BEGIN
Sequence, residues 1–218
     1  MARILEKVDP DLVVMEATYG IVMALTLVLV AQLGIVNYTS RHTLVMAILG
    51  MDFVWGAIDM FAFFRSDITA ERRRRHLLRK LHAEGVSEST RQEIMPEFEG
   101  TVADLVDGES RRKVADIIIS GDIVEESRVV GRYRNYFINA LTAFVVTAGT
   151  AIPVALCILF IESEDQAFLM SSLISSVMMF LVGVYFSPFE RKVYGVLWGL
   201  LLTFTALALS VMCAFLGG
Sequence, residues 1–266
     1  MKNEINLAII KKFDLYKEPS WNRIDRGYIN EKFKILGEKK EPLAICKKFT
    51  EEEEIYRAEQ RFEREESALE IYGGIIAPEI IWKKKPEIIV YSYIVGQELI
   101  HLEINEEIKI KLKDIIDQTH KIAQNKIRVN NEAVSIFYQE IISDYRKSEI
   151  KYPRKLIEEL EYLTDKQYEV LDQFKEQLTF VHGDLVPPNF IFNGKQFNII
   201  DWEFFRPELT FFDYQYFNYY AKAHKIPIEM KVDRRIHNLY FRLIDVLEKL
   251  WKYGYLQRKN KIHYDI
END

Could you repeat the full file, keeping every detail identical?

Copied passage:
Sequence, residues 1–218
     1  MARILEKVDP DLVVMEATYG IVMALTLVLV AQLGIVNYTS RHTLVMAILG
    51  MDFVWGAIDM FAFFRSDITA ERRRRHLLRK LHAEGVSEST RQEIMPEFEG
   101  TVADLVDGES RRKVADIIIS GDIVEESRVV GRYRNYFINA LTAFVVTAGT
   151  AIPVALCILF IESEDQAFLM SSLISSVMMF LVGVYFSPFE RKVYGVLWGL
   201  LLTFTALALS VMCAFLGG
Sequence, residues 1–266
     1  MKNEINLAII KKFDLYKEPS WNRIDRGYIN EKFKILGEKK EPLAICKKFT
    51  EEEEIYRAEQ RFEREESALE IYGGIIAPEI IWKKKPEIIV YSYIVGQELI
   101  HLEINEEIKI KLKDIIDQTH KIAQNKIRVN NEAVSIFYQE IISDYRKSEI
   151  KYPRKLIEEL EYLTDKQYEV LDQFKEQLTF VHGDLVPPNF IFNGKQFNII
   201  DWEFFRPELT FFDYQYFNYY AKAHKIPIEM KVDRRIHNLY FRLIDVLEKL
   251  WKYGYLQRKN KIHYDI